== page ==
Politics and the English Language

If the ban were announced with a one week (sic) notice, the “bad” would rush into our country during that week. A lot of bad “dudes” out there! – Donald Trump, 30/01/17

First of all, it’s not a travel ban – Sean Spicer, 31/01/17

Political language — and with variations this is true of all political parties, from Conservatives to Anarchists — is designed to make lies sound truthful and murder respectable, and to give an appearance of solidity to pure wind – George Orwell, 1946

When is a ban not a ban? It’s not surprising that a regime like the one in power in the United States would try to dictate the meaning of words, giving the extremity of its members’ beliefs, and their disregard for civil liberties. Seeking to control public discourse by controlling is a tried-and-true method adopted by despots insecure about maintaining control. George Orwell dramatized this practice in Nineteen Eighty-Four, in which the authoritarian Party gradually introduce Newspeak, a limited form of English in order to diminish the public’s ability to conceive of and express any ideas contrary to the Party’s interest. The most obvious attempt to control discourse through disinformation (deliberately false information, as opposed to misinformation, which is unintentionally false) is of course Kellyanne Conway’s now-infamous assertion that Sean Spicer’s falsehoods about the attendance at Trump’s inauguration. Her ludicrous claim is also reminiscent of Nineteen Eighty-Four‘s concept of Doublethink: simultaneously holding contradictory beliefs.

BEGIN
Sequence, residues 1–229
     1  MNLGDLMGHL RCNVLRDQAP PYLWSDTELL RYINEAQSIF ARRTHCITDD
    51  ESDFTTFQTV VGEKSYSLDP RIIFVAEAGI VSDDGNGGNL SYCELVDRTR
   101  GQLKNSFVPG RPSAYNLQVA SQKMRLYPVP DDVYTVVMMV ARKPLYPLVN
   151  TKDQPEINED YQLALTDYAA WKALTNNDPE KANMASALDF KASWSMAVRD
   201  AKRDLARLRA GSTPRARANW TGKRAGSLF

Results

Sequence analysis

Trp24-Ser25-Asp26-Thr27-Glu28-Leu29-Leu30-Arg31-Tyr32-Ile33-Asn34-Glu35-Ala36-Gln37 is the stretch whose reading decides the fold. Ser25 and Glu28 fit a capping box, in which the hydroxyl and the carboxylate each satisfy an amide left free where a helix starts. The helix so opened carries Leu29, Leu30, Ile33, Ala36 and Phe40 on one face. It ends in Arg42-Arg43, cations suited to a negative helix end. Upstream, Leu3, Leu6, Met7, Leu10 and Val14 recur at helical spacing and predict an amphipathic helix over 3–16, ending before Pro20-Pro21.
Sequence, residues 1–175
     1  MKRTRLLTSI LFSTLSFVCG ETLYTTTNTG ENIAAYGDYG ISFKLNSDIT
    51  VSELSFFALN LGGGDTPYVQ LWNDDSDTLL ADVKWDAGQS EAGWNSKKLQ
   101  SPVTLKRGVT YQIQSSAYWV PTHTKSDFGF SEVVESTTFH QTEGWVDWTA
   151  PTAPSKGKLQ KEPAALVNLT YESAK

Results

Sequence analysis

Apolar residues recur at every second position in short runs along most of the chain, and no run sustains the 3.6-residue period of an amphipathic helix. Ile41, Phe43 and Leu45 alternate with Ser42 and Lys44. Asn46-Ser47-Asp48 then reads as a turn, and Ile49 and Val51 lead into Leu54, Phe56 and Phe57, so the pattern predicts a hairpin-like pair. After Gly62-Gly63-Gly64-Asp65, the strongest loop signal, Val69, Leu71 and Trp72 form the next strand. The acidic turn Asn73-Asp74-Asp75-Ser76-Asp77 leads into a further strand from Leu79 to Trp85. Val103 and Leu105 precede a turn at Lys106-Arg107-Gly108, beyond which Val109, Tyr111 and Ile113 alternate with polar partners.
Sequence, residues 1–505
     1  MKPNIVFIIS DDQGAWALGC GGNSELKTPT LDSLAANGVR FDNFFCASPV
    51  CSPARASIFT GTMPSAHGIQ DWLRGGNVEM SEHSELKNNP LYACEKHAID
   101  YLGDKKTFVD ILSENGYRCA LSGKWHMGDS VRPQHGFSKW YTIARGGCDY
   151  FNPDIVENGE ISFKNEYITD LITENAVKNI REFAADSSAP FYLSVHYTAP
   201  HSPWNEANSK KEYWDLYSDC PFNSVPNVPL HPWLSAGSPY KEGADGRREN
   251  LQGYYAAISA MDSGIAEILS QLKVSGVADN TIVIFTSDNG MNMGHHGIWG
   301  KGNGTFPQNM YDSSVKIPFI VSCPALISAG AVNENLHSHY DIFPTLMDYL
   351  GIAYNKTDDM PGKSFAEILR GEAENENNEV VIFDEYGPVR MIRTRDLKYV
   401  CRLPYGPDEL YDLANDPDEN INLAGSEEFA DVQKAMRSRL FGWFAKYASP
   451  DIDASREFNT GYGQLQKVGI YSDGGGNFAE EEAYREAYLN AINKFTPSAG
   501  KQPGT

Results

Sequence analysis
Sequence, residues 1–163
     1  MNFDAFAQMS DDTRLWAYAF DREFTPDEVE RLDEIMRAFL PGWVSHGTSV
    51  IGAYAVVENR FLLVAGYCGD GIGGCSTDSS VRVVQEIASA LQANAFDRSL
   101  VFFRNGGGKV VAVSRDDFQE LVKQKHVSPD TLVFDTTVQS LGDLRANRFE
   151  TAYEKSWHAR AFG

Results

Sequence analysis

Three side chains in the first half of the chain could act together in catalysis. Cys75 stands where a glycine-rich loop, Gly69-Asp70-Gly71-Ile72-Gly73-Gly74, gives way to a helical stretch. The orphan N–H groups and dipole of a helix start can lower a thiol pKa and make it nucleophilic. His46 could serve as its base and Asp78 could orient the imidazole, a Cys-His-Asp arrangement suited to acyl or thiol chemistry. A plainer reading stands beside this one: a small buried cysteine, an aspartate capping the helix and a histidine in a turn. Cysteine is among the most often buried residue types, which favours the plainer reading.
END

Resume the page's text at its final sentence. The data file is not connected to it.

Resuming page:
And Trump’s speech, and writing, are also ironically reminiscent of Newspeak in their simplicity, though I think that’s due to his own limited vocabulary, and not any deliberate attempt to restrict expression. And Twitter’s only got a 140-character limit.

In conceiving of the Party and its attempts to control language, Orwell was inspired by contemporary dictatorial regimes, and also, sadly, predicting future regimes. The adjective Orwellian tends to get used quite frequently, generally to describe increased surveillance or restrict civil liberties. Which is fair enough, as those are key elements of Nineteen Eighty-Four. But I feel it does a disservice to Orwell’s work, as he wrote many more fine works also deserving of falling under the Orwellian umbrella. One such work which is just as relevant as Nineteen Eighty-Four is “Politics and the English Language.” In this 1946 essay, Orwell points out the deliberate use of vague and inaccurate language in order to obscure ugly truths, or indeed to hide lies:

In our time, political speech and writing are largely the defence of the indefensible. Things like the continuance of British rule in India, the Russian purges and deportations, the dropping of the atom bombs on Japan, can indeed be defended, but only by arguments which are too brutal for most people to face, and which do not square with the professed aims of political parties. Thus political language has to consist largely of euphemism, question-begging and sheer cloudy vagueness. Defenceless villages are bombarded from the air, the inhabitants driven out into the countryside, the cattle machine-gunned, the huts set on fire with incendiary bullets: this is called pacification. Millions of peasants are robbed of their farms and sent trudging along the roads with no more than they can carry: this is called transfer of population or rectification of frontiers. People are imprisoned for years without trial, or shot in the back of the neck or sent to die of scurvy in Arctic lumber camps: this is called elimination of unreliable elements. Such phraseology is needed if one wants to name things without calling up mental pictures of them.